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Old 5th Nov 2017, 00:36
  #6239 (permalink)  
Join Date: Nov 2015
Location: Farnham, Surrey
Posts: 1,243
Go back more than half a century and you find a lot of aero-engine companies working on a concept called "turbo-compounding" in which an exhaust-driven turbo-supercharger had its rotor mechanically connected to the crankshaft so that the excess exhaust energy in the cruise could be extracted to do work rather than being "dumped" through wastegate systems. Many of the larger 1940s piston engines had turbocompounded versions (the 4360 twin wasp major being a good example), but the idea was obsoleted by the arrival of jets. The idea was also played with in cars and trucks where the mechanical coupling also eliminates turbo-lag, but it's difficult and expensive to do it right in a way that is reliable enough to be worth the effort.

Scroll forward to around 2010 when the hybrid engine formula was going through its concept stages. The fundamental idea of the formula was to use the vast development budgets of F1 to find ways to make infernal combustion engines more efficient. They'd elected for turbocharging (because that's an essential part of an efficient IC engine), and the idea of turbocompounding was attractive for making it even more efficient, so they decided to do it in a "modern" way by compounding it "electrically" via the hybrid system rather than with mechanical clutches and gears.

So the MGU-H is a Motor/Generator Unit which is on the shaft of the turbo. It can extract energy to charge the battery, and it can also be used to keep the turbine spun-up at low throttle to eliminate turbo-lag using power from the battery. In principle it can also be used to drive the compressor directly (becoming a mechanical supercharger), but this isn't very efficient and I understand it's rarely done (although I'm told by one source that this is also part of the Mercedes "magic qualifying mode" but I don't know if that's true).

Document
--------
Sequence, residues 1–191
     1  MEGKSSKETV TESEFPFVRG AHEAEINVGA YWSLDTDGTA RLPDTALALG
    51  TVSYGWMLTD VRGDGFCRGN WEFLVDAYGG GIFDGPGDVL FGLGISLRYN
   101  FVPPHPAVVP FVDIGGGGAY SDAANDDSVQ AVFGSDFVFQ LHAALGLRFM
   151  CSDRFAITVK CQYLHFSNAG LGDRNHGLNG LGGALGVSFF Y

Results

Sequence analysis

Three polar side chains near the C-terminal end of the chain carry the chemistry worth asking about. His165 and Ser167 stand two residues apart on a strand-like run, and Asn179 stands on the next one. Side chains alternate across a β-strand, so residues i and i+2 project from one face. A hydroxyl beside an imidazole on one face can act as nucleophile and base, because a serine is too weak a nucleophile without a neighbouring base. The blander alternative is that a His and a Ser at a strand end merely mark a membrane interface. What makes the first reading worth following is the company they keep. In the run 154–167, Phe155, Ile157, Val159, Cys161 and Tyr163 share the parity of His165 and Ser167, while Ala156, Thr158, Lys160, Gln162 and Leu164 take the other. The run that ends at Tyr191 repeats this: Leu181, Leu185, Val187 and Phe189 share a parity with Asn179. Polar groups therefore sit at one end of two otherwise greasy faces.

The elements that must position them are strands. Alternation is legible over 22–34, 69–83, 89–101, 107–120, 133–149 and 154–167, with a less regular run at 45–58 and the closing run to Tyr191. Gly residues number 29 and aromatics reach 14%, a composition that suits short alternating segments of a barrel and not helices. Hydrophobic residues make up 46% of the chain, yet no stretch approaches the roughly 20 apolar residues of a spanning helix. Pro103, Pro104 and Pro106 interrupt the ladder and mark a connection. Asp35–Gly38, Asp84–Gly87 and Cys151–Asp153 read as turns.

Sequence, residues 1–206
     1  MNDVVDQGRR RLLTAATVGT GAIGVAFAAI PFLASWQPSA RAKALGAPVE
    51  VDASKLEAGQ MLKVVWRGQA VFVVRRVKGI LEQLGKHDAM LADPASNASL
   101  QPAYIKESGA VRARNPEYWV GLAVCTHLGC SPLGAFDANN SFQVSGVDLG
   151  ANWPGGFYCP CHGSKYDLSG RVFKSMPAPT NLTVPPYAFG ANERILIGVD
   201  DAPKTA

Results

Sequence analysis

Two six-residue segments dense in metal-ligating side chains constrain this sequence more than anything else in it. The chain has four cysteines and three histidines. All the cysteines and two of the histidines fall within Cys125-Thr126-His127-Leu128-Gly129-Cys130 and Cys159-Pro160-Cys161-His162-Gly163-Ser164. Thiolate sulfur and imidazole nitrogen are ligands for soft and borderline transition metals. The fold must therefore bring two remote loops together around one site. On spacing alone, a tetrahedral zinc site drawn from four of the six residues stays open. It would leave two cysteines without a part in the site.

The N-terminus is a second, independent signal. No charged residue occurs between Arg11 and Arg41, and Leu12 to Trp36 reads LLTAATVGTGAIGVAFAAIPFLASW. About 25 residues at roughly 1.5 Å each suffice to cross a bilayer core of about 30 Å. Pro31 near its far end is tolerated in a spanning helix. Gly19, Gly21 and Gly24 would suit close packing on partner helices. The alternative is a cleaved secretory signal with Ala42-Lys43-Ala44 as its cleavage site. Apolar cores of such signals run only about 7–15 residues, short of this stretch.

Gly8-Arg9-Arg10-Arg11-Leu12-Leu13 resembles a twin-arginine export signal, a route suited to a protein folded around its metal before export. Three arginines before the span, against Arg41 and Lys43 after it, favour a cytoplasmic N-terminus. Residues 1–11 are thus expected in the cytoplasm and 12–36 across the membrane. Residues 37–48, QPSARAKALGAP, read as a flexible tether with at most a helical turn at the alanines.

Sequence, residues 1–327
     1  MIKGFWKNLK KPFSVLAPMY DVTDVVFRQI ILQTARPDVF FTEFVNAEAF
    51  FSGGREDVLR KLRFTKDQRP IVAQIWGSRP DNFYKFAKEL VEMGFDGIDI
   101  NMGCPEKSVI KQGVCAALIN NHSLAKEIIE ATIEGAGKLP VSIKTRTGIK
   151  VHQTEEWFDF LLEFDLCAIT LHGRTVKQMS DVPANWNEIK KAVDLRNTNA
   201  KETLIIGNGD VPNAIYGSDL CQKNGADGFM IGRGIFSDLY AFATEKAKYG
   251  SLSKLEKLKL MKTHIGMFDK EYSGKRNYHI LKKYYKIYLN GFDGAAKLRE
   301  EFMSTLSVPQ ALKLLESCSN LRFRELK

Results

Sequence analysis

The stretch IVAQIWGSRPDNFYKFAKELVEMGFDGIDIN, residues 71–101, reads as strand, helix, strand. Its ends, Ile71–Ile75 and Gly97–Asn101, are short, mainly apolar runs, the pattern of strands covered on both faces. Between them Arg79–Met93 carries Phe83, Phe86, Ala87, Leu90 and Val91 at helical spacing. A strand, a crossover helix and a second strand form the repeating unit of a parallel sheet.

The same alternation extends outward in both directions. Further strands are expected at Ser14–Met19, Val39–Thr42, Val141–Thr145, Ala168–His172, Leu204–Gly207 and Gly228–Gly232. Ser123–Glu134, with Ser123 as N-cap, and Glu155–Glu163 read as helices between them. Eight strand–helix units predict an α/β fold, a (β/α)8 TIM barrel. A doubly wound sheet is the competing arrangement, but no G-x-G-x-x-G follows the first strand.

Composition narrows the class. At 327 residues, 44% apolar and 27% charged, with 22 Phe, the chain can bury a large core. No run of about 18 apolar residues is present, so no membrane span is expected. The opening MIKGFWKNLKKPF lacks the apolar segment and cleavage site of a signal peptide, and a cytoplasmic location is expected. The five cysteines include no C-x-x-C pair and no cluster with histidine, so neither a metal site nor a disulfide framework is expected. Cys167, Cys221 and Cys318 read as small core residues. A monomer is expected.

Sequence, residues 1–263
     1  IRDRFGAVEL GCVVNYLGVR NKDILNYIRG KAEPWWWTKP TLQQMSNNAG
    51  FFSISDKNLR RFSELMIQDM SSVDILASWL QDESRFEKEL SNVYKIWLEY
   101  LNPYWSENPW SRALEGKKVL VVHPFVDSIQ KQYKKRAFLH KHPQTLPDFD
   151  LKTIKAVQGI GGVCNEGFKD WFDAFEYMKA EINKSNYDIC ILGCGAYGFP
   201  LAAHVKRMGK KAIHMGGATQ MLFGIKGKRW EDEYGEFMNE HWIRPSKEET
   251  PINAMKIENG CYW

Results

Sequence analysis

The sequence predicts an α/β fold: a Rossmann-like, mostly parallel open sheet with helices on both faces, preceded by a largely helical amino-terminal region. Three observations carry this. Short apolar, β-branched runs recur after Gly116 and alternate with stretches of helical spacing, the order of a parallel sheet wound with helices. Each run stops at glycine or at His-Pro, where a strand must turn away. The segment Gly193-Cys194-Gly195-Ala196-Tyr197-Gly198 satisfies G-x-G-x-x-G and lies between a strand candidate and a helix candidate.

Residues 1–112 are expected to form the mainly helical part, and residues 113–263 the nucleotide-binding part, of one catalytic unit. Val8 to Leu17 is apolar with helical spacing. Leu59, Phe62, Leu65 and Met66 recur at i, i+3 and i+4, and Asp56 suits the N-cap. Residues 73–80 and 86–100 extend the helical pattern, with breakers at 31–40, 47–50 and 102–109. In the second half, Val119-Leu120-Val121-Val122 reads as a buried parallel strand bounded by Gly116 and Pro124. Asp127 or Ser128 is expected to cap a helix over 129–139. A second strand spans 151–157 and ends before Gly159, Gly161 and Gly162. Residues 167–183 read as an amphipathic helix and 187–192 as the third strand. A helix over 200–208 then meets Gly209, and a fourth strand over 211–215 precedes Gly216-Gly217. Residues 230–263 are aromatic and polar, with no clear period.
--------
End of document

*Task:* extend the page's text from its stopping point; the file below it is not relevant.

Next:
Almost all of the energy extracted by the MGU-H (and there's a LOT of it) is "used" as mechanical drive, delivering torque into the gearbox via the MGU-K. A failed MGU-H is a big deal, losing a net 150-200bhp from the peak power available to the driver. The MGU-H also has a secondary function in that it is used to "regulate" the turbo's rotor speed. This allows them to run the turbo well into its surge island with impunity, making the whole thing even more efficient. So the MGU-H is an important part of this >900bhp, 50% thermally efficient power system - essentially you couldn't have the power or the efficiency without it.

The FOM proposal is to eliminate the MGU-H and recover the lost power by allowing more fuel and increasing the rev limit. The engine manufacturers don't want to do this because increasing the fuel consumption (reducing the efficiency) is the opposite of the whole reason why they're doing this F1 malarky anyway, and because the increased rev limit will require a complete redesign of the engines to cope with the extra stresses. They also don't want to add the weight of extra fuel to what they already regard as overly heavy cars.

Personally I think removing the MGU-H would be a silly thing to do. They will be starting to appear in hybrid road cars next year anyway, and they are a key part of the whole PU concept - they are what makes them technically seriously cool!

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